The verb 「みる」("look"/"see"/"watch") is one case of a word which can be written with one commonly-used general-purpose kanji, and sometimes with other rarer, more specific kanji.
The general-purpose kanji writing is 「見る」. Any time you use 「みる」, you can be confident that you can write it 「見る」 and it will be correct (as long as it's a verb which means anything like look/see/watch). Here's a Japanese dictionary entry with a variety of meanings for 「見る」.
As the same dictionary entry says, 「観る」 is a way of writing 「みる」 which can be used when it has specific meanings:
- Looking at scenery, as a tourist does, and
- Watching something for entertainment, such as TV, as in your example.
In these cases, 「見る」 is also OK, so you don't have to use 「観る」, but if you do, it makes the meaning more precise.
As other people have commented, there are other specific kanji for 「みる」. The two common ones (also listed in the dictionary entry above) are:
- 「診る」, which means to examine, in the sense of a doctor examining a patient, and
- 「看る」, which means to watch over, in the sense of a nurse watching over a patient.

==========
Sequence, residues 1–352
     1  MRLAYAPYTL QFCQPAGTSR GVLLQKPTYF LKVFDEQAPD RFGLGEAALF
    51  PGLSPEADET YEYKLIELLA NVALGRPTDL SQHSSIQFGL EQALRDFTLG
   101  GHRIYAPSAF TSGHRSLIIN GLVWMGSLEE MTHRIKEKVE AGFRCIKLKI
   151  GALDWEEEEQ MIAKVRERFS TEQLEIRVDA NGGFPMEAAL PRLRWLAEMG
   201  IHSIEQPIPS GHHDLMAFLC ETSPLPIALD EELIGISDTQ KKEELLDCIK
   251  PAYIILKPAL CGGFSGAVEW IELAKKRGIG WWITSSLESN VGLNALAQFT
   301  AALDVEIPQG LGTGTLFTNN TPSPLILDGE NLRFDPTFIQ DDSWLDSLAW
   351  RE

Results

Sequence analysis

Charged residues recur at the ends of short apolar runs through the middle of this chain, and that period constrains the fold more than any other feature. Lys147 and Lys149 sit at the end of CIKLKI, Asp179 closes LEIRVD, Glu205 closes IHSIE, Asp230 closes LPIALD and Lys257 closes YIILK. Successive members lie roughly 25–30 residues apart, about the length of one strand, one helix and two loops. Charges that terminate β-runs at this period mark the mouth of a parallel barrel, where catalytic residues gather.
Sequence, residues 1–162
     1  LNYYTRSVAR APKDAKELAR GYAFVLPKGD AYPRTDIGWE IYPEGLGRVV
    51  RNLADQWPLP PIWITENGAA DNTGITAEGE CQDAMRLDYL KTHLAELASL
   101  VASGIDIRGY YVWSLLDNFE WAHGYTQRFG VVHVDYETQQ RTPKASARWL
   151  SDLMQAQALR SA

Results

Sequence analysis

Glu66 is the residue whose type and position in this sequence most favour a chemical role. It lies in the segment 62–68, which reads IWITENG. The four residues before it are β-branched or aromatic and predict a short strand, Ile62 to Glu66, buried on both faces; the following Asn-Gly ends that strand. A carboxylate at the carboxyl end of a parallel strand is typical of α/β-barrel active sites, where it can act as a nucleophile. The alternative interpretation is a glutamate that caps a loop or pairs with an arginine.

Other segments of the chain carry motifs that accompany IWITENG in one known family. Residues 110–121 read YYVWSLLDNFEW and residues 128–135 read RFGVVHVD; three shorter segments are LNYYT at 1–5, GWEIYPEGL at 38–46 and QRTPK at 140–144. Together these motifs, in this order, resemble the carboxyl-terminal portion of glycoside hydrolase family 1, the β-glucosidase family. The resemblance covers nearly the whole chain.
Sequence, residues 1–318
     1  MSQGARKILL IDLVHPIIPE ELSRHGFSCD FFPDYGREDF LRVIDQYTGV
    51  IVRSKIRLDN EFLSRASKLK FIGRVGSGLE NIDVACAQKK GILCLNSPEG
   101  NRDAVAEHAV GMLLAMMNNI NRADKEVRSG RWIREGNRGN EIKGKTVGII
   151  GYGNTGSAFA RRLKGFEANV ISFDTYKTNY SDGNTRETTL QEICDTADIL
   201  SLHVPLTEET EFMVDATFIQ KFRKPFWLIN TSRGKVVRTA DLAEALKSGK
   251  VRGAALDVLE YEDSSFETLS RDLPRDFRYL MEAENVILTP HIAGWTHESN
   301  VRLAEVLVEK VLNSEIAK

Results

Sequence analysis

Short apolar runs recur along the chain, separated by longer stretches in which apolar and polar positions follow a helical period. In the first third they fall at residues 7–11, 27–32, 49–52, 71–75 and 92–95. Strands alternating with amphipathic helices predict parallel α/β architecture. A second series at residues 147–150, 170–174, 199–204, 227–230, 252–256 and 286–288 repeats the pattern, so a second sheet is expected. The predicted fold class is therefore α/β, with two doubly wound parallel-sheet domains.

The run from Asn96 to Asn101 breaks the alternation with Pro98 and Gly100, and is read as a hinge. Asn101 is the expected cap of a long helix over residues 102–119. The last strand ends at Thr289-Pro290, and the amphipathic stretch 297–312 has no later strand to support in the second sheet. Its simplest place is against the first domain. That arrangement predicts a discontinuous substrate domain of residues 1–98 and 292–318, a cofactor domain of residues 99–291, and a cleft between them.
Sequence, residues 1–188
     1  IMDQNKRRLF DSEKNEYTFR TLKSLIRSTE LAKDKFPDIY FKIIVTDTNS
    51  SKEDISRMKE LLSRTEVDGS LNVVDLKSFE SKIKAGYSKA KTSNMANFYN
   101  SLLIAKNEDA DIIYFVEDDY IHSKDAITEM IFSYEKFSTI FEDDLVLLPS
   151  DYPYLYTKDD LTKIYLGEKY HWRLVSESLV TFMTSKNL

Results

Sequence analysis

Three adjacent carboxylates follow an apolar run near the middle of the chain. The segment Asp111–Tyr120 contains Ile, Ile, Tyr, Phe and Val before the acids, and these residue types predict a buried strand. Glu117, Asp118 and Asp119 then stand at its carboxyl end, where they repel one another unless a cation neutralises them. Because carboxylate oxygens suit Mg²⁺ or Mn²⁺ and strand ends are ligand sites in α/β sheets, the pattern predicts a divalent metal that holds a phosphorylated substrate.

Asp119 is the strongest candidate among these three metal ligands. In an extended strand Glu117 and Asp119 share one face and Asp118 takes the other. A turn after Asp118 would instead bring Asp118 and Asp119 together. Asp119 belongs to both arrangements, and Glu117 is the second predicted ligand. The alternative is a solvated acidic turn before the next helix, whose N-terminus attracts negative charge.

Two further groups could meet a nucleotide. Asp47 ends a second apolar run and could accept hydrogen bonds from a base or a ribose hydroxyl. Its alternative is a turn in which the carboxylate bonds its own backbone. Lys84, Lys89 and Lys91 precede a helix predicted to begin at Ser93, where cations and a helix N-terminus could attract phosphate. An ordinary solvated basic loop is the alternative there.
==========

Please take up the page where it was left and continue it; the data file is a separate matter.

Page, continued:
If you write
people might think you simply meant "the doctor looked at the patient" in the sense of "glanced casually at the patient". On the other hand, if you write
it's clear that you mean "the doctor examined the patient".
There are even rarer kanji. I found a blog which mentioned 「覧る・視る・覗る・監る」
as other possibilities. These are rather obscure, and if you make a habit of using them, your Japanese sentences will start to look strange. On the other hand, learning that all these kanji have a meaning related to seeing could be useful for studying kanji compound words. If you want to find out more, a kanji dictionary is a good place to look.